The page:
The shortages have been blamed for the decline of the textile industry after The fact was that there were hundreds of voluntary organisations where you could do your bit for the front without having to suffer the unattractive conditions of the factories. The pittances offered as wages in traditional female-employing factories attracted no one except the most desperate.

    Once these women were employed, factories could not entice others. Women stated clearly that they would happily work for higher remuneration, and the higher rates elsewhere did in fact attract enormous numbers. At this time female labour was critically short in the low-paid areas.

    In the ruling against a wage increase for female boot and trade workers, it said: This claim was especially hollow when at this very time women were being conscripted to work in factories under the Manpower regulations. A Manpower Committee had been set up at the beginning of the war to reorganise the direction of labour resources. It could now direct any person to engage in specified employment, and it used these powers to direct women into low-paid jobs.

    All childless women between the ages of eighteen and forty-five were required to register, and the National Service Officers called up large numbers of women for interviews. The first forced engagements took place in March The Manpower Committee worked with employers to ensure them a supply of cheap female labour. The Annual Report of the Chamber of Manufactures revealed that they had negotiated with the Deputy Director-General of Manpower; he had agreed to make an office available to a liaison officer who would work with the Manpower officials.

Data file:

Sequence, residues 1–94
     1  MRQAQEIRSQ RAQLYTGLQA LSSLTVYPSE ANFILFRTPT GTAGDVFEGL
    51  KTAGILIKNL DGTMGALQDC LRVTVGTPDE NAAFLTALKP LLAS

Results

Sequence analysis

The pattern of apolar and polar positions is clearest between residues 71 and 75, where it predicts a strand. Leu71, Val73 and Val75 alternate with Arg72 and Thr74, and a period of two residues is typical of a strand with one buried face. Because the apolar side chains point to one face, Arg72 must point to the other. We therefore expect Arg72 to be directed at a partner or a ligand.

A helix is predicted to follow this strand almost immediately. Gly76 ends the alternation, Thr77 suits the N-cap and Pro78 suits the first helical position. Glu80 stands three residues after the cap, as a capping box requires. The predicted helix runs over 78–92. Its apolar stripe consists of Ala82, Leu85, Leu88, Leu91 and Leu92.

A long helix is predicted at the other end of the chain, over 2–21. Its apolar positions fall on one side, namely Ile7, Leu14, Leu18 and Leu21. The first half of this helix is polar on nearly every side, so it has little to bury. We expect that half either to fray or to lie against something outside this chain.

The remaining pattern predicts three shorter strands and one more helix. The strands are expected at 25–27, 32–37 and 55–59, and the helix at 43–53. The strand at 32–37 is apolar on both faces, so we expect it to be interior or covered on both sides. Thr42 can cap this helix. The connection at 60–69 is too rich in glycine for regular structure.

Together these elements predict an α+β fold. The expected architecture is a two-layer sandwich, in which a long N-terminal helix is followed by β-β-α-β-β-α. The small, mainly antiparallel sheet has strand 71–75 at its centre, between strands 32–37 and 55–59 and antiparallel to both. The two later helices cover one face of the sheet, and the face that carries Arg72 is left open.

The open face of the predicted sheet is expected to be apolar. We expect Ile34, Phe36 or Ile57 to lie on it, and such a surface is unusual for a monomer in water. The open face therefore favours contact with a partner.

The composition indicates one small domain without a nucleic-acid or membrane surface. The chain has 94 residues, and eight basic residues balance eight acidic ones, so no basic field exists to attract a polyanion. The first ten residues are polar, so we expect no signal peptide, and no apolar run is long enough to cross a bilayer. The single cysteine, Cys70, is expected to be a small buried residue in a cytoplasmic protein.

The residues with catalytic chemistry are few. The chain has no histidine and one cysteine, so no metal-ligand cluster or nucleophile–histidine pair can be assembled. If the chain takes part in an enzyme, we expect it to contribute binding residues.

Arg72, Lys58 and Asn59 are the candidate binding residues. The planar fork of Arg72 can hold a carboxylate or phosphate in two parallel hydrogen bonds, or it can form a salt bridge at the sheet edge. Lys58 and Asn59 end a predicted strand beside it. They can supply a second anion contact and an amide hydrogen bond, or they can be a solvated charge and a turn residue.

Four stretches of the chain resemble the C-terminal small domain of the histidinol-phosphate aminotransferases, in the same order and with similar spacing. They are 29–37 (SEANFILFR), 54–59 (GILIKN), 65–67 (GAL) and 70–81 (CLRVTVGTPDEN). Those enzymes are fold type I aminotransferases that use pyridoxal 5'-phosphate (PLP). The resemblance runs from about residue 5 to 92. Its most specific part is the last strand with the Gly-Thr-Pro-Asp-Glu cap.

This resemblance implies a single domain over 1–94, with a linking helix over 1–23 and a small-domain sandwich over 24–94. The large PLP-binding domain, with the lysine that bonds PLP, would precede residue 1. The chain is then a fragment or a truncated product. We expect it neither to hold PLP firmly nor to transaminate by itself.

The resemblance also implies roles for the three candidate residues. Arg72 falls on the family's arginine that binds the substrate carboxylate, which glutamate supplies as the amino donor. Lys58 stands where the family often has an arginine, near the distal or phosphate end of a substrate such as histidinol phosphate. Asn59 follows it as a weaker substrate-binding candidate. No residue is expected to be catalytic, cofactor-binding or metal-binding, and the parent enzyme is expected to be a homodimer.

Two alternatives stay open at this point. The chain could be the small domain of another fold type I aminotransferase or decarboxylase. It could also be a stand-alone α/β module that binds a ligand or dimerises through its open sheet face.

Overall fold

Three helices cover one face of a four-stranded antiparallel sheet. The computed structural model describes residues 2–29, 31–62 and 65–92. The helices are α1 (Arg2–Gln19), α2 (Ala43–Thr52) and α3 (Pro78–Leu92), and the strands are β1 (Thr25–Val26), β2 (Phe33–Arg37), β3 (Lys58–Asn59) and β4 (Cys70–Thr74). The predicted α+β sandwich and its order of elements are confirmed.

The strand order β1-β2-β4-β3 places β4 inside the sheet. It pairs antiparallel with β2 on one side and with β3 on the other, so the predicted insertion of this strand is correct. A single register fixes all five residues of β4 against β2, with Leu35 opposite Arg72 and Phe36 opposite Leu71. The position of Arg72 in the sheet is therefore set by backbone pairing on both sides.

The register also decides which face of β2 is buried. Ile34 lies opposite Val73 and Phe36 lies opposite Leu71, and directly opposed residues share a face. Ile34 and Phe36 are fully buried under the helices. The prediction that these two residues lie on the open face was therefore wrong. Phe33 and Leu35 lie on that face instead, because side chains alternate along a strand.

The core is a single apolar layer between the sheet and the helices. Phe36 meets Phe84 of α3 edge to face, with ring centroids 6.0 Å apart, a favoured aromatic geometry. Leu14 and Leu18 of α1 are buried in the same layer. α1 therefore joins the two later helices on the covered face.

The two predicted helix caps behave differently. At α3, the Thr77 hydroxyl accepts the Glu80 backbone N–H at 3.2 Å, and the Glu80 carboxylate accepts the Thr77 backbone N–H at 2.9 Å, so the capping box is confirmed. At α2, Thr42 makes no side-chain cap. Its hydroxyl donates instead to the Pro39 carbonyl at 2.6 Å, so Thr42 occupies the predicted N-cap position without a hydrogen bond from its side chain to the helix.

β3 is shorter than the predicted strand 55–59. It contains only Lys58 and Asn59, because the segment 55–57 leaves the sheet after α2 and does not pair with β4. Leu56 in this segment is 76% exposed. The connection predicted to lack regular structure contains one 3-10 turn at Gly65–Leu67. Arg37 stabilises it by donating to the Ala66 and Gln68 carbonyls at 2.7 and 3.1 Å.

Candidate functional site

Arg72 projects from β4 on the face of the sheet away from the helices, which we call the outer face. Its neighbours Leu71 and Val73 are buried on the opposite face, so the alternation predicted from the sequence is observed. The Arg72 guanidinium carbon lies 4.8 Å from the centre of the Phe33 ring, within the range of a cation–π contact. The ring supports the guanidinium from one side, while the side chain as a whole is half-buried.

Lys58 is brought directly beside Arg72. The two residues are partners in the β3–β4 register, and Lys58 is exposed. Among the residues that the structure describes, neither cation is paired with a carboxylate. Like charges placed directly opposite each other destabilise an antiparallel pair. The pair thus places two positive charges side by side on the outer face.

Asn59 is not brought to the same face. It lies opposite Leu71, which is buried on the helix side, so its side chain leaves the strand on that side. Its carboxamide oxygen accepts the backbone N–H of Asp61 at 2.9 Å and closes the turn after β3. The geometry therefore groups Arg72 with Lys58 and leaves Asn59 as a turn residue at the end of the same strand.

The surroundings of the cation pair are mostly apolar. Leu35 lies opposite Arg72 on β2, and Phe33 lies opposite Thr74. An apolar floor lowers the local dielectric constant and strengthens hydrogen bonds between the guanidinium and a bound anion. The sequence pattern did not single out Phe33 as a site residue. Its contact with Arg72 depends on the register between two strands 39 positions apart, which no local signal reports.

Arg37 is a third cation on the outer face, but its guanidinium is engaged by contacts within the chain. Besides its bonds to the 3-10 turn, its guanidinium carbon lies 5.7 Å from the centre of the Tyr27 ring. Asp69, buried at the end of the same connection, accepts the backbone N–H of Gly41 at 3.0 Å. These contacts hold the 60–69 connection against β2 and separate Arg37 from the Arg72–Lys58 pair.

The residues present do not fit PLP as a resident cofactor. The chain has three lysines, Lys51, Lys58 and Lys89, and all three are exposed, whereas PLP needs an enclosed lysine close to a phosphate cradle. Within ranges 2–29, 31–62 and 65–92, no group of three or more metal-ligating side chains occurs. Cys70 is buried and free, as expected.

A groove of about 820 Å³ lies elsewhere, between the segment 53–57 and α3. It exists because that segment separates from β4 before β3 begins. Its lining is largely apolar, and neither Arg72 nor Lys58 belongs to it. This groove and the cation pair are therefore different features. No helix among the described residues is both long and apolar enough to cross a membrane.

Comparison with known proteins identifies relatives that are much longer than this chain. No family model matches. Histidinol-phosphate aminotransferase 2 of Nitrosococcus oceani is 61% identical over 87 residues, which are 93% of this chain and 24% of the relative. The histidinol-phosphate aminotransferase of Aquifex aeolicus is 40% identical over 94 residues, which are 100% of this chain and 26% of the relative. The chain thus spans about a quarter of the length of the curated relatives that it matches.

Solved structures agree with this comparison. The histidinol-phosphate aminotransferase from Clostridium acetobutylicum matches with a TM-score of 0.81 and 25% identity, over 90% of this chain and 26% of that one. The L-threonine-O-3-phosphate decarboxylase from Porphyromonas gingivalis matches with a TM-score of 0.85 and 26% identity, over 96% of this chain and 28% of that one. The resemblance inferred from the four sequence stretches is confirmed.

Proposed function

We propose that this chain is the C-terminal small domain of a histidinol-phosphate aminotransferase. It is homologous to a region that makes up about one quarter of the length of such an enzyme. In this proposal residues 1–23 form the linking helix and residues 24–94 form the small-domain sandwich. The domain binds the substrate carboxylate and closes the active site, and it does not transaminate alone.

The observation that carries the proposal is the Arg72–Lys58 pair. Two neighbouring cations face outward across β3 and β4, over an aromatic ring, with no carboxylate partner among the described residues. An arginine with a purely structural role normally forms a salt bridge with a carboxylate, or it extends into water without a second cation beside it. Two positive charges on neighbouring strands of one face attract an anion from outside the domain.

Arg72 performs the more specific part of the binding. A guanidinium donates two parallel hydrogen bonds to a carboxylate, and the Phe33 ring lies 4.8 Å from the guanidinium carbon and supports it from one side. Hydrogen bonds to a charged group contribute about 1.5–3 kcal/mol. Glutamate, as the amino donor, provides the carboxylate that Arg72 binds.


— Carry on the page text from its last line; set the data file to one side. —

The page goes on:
In a Melbourne textile factory four teenage girls walked out after one of them had been compulsorily moved to a new section of the factory. The union tried to conciliate in the dispute and the girls agreed to return to work if the boss apologised personally. Instead he reported them to the local Manpower office. The union was able to intervene, however, and the girls were given back their jobs. Many resisted industrial conscription.

    Of all the women conscripted between January and July , 14 per cent lodged appeals, of which half were upheld. Middle-class women had wider job claims, and could prepare more effective appeals; this meant that the target of Manpower was working-class women. And it was working-class women who were driven into factories. Penalties for disobeying were severe. It is an interesting statement on the social attitudes toward female labour that there were no serious moves to oppose female conscription into low-paid jobs, yet the institution of the WEB and the rates it delivered were consistently opposed.

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    Clearly social prejudices and the needs of employers were not so much against women working as against their entering new fields of employment and receiving higher wages. Women themselves showed their antagonism to many of the jobs they were expected to fill during the war. Employed women showed their preparedness to fight: The number of disputes involving men and women increased steadily from in to in These last statistics are not sex-segregated, but some indication of the number of women involved is given by a statement on female minimum rates prepared by the Clothing Trades Union in So far as the men are concerned, this objective [no disputes] was largely achieved and at no stage during the war was there a dispute even of a minor nature involving males What has applied by and large to men has not, unfortunately applied equally to women workers in the clothing industry.

    Circumstances in regard to female employment are totally at variance to those surrounding employment of males and the result has been somewhat disastrous. Thousands of women chose to stay unemployed despite the widespread publicity and the threats of the Manpower Committee. In the long run, however, even conscription could not solve the employment situation satisfactorily.

    Women were being involuntarily transferred to the food-processing industry from metal-industry jobs attached to war contracts, and suffered large salary reductions. The discontent that arose from such transfers is hardly surprising. At the very end of the war the situation was still critical: It was also a measure designed to last only until the war ended. Although these rates did eventually flow on, the immediate post-war wage rates returned to the pre-war levels. This becomes even more apparent when we consider that most employers in vital industries were filling government contracts on a cost-plus basis, whereby the government paid employers a percentage of their costs as a profit.